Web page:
• Search Google Scholar
    • Export Citation
  • 11

    Cook A, Weddle J, Baker S, et al. A comparison of the Injury Severity Score and the Trauma Mortality Prediction Model. J Trauma Acute Care Surg. 2014;76(1):4753.

    • Crossref
    • PubMed
    • Search Google Scholar
    • Export Citation
  • 12

    Wang M, Wu D, Qiu W, Wang W, Zeng Y, Shen Y. An injury mortality prediction based on the anatomic injury scale. Medicine (Baltimore). 2017;96(35):e7945.

  • 13

    Van Belleghem G, Devos S, De Wit L, et al. Predicting in-hospital mortality of traffic victims: a comparison between AIS-and ICD-9-CM-related injury severity scales when only ICD-9-CM is reported. Injury. 2016;47(1):141146.

    • Crossref
    • PubMed
    • Search Google Scholar
    • Export Citation
  • 14

    Moore L, Stelfox HT, Turgeon AF, et al. Hospital length of stay after admission for traumatic injury in Canada: a multicenter cohort study. Ann Surg. 2014;260(1):179187.

    • Crossref
    • PubMed
    • Search Google Scholar
    • Export Citation
  • 15

    Hwabejire JO, Kaafarani HM, Imam AM, et al. Excessively long hospital stays after trauma are not related to the severity of illness: let’s aim to the right target! JAMA Surg. 2013;148(10):956961.

    • Crossref
    • PubMed
    • Search Google Scholar
    • Export Citation
  • 16

    Majdan M, Plancikova D, Maas A, et al. Years of life lost due to traumatic brain injury in Europe: a cross-sectional analysis of 16 countries. PLoS Med. 2017;14(7):e1002331.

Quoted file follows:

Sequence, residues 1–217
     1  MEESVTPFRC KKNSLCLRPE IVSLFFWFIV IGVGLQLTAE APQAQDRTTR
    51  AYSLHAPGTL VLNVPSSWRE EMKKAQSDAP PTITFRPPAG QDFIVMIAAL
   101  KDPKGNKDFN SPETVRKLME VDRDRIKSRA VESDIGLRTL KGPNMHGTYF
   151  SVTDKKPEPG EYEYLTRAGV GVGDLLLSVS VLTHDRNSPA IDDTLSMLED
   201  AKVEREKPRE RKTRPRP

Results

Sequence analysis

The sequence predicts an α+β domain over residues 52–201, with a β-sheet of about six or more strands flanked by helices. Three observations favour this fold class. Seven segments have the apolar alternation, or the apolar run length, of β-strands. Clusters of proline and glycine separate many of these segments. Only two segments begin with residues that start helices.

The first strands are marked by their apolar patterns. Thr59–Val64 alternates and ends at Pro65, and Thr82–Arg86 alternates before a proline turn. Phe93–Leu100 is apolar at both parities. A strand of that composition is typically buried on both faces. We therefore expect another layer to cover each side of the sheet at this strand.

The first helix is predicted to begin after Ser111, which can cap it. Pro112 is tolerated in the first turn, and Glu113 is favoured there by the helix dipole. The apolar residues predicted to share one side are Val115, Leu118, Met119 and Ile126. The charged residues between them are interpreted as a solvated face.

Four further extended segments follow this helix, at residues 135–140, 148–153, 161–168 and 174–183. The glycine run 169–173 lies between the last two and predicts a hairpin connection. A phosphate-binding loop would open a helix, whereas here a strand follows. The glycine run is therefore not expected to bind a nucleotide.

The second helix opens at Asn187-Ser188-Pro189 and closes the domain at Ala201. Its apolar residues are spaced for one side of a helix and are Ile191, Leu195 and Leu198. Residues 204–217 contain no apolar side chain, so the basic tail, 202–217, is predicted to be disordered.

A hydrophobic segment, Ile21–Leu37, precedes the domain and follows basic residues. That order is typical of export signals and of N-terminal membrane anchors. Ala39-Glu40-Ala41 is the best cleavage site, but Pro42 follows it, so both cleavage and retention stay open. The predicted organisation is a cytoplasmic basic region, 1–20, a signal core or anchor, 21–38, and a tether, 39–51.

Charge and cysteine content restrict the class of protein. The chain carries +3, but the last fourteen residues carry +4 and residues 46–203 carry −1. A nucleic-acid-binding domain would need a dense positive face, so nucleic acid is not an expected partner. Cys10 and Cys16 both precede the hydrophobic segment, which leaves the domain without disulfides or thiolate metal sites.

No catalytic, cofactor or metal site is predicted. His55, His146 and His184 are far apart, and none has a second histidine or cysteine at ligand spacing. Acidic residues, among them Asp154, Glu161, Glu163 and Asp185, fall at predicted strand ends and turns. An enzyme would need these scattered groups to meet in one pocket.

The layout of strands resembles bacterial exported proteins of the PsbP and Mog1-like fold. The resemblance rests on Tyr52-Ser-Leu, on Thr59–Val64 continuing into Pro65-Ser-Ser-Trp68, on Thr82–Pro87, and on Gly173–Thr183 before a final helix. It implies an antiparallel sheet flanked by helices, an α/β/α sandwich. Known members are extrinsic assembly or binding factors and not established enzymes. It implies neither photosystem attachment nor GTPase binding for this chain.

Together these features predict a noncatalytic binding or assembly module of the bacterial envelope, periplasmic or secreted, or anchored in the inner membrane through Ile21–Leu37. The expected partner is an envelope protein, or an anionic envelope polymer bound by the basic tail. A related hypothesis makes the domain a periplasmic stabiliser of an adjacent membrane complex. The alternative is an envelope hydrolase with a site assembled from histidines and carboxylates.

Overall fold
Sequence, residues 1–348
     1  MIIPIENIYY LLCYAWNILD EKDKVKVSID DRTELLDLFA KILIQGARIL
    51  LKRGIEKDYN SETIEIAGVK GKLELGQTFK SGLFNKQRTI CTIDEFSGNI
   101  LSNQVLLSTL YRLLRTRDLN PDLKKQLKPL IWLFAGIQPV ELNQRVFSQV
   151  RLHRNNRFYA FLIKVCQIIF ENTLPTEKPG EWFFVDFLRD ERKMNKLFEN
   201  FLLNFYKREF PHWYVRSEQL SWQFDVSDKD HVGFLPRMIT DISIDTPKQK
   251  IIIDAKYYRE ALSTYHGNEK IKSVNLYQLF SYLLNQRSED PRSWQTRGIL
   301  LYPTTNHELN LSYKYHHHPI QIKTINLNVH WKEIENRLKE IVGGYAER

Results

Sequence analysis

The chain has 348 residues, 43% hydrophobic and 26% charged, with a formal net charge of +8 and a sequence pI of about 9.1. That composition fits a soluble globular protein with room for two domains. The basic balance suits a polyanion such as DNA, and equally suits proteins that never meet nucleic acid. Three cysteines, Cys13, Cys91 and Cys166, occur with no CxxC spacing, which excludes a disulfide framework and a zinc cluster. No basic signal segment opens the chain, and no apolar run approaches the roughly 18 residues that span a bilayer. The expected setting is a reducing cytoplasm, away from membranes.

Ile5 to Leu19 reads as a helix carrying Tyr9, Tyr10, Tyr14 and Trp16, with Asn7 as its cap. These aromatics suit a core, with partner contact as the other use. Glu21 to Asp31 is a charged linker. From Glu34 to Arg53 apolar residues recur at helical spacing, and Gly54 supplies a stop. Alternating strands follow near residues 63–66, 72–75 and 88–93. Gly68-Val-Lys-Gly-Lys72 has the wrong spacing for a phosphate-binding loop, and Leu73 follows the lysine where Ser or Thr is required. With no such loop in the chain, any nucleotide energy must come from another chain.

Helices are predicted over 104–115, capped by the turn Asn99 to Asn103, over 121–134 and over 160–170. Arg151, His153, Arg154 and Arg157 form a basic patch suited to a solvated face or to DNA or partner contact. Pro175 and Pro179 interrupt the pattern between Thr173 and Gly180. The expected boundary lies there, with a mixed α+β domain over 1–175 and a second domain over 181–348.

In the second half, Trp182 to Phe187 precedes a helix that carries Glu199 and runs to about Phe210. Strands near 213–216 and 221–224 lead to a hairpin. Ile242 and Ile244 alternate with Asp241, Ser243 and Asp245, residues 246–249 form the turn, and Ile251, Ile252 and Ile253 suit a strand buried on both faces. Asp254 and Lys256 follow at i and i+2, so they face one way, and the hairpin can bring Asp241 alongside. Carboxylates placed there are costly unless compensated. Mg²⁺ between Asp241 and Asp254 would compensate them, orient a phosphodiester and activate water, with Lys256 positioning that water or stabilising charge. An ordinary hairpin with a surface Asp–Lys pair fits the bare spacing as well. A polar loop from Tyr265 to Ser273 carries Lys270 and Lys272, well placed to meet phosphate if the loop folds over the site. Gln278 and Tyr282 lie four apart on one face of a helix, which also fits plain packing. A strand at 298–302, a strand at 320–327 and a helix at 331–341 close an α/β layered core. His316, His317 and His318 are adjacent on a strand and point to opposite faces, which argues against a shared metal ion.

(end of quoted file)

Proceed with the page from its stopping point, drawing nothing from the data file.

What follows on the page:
• Crossref
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    • Export Citation

Supplementary Materials

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Artwork from Agarwal et al. (E9). Copyright Kenneth X. Probst. Published with permission.
  • FIG. 1.

    Process diagram showing sample parameters, feature and classifier selection, and model architecture. From 16,287 MVC case records, 52 variables were considered for inclusion in our models (text boxes, upper left). Preliminary surveys of variable correlation identified features most strongly correlated with target outcomes (heat map, upper center). A variety of classifier types were compared for accuracy in predicting target outcomes (boxplot, lower center). Having identified features of interest and the most effective classifier type, our models were constructed using alternating dense and dropout layers as described in the article (network diagram, right). ER = emergency room; ROC = receiver operating characteristic.

  • FIG. 2.

    Model performance. Left: AUROC is shown for the in-hospital mortality model. Right: Iterative MAE over sequential training cycles is shown for the LOS model.

  • FIG. 3.

    General schema depicting applications of the models at various points in the hospital course of patients following an MVC. The acute injury phase (left). At this point, patient characteristics can be communicated from the field by emergency medical technicians or obtained in the emergency department at presentation. Hospital admission (center). Ongoing care during admission (right). During these phases, the in-hospital mortality model can be used to augment clinical judgment and communicate with families, while the LOS model can inform decisions regarding diet, mobility, pain management, and discharge planning. EMT = emergency medical technician.

  • 1

    Dalal K, Lin Z, Gifford M, Svanström L. Economics of global burden of road traffic injuries and their relationship with health system variables. Int J Prev Med. 2013;4(12):14421450.

    • PubMed
    • Search Google Scholar